You Just Need Legal
Maybe you don't actually
need an attorney to represent you in court, but that doesn't mean you don't
have the right to consult with one to discuss your legal options. A criminal
defense attorney can explain both your rights and your options. They'll also be
able to advise you about what will really happen if you're convicted.
They can also help you
understand the potential defenses you have available to you. This option is
available to anyone (though never one we can fully recommend), but it isn't the
best path for those accused of serious (felony) crimes or those who have any
special professional licenses.
You've Been Asked to Be
Questioned by the Police
If the police want to
interview you because you've been implicated in a crime, you need to hire a
criminal defense attorney — even if you're innocent or played only a small or
peripheral role to the crime. Innocent people do go to jail and not being as
guilty as someone else doesn't mean they won't throw the book at you. No matter
what police say, they're not there to help you.
One way or another, never
answer questions the police ask you without a lawyer present. Your lawyer may
even advise the police they aren't to speak to you without them present.
You've Been Charged With
If you've been charged
with a crime, especially a serious one (like a felony), it's vital you contact
an attorney as soon as possible. This is even more true if you have a
professional license of some kind, as certain convictions may impact your
ability to qualify for those licenses.
If you've already spoken
to investigators or the prosecuting attorney, your lawyer will want to know
everything you said to them so he or she can prevent you from further
implicating yourself. They'll also instruct you on what questions you should or
shouldn't answer when questioned and put safeguards into place to ensure things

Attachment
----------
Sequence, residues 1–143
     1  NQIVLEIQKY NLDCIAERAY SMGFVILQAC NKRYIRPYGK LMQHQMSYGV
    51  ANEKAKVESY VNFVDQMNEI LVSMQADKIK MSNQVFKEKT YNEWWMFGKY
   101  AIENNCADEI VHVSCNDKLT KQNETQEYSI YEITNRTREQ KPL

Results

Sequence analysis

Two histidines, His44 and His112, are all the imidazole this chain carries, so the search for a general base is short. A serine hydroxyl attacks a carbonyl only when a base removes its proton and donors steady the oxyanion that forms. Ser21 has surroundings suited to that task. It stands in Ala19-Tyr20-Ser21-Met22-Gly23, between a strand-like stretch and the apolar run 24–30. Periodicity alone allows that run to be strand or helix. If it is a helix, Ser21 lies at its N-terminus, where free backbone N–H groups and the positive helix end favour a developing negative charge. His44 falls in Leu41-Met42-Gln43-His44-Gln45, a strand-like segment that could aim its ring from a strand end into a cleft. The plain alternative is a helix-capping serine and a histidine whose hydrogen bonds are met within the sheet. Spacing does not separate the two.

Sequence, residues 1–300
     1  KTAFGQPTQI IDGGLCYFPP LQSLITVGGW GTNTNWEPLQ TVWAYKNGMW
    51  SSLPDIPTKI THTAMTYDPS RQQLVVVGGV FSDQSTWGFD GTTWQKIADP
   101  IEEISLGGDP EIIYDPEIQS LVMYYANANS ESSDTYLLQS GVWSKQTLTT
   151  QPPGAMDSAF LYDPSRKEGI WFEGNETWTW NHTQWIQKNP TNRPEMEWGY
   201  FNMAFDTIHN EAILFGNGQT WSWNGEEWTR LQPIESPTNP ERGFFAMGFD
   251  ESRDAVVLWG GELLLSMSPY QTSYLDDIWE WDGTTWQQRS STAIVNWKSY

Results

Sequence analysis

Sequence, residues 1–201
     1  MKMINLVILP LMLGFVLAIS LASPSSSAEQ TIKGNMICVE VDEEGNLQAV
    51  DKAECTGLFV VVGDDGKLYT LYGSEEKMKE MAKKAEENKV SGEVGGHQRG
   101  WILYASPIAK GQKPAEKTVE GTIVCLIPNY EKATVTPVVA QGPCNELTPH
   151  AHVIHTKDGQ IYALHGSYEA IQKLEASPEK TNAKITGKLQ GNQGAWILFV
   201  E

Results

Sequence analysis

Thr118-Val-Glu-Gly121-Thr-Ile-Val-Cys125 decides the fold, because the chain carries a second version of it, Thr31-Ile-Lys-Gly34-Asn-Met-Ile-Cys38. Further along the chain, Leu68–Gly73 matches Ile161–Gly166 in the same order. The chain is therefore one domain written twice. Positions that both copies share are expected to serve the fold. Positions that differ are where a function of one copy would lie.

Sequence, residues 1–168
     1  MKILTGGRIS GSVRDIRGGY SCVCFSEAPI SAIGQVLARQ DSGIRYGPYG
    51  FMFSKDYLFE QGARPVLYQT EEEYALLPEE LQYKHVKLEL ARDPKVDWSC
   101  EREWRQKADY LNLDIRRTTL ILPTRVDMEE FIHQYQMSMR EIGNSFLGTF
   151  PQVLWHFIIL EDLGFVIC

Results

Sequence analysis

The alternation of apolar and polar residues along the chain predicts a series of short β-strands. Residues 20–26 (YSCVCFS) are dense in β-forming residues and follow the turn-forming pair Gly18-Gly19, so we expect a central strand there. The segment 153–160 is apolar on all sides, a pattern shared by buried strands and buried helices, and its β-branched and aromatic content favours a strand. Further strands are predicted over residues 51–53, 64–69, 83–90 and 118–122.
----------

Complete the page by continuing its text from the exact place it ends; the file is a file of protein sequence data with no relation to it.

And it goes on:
like lineups or photo arrays are conducted appropriately.
Your Case Involves a
We all have
constitutional rights, and if those rights are violated in the investigation of
a crime, it will impact the prosecutions case… but only if you have a lawyer
capable of arguing appropriately for suppression of that evidence. Sometimes
that may mean the charges are even dropped, as without that key evidence, they
have no case.
You're Going to Trial
If your case is going to
court, a criminal defense lawyer can help you decide what the best options are.
Sometimes, he or she may suggest you plead guilty or accept a plea bargain in
exchange for a reduced sentence, but they may also believe you should go to
court since they don't think the prosecution has enough evidence to prove
you're guilty beyond all reasonable doubt.
A plea bargain may sound
like a dream come true if you're facing a lot of hard time, but a criminal
defense attorney can analyze the bargain to make sure it's really a good deal.
Has the prosecutor offered you a deal to quickly get rid of the case? If so, why?
We have the experience to know. In any event, we can also negotiate a better
deal in many cases.
There may also be other
consequences of the deal that you may not be aware of, like the potential to
serve a longer sentence if you're convicted of a subsequent crime.
You Need to Bail Out
If you don't have the
option of bail, you'll have to stay in jail until the trial, which could be
weeks or even months. A criminal defense attorney can help get you released on
bail or even argue to help you get reduced bail.
How to Get a Criminal
Defense Attorney in Florida
If you're in the Central Florida area, call the Orlando criminal defense attorneys at Draper Law Offices at
866.767.4711 for a free, no-obligation consultation or contact us online.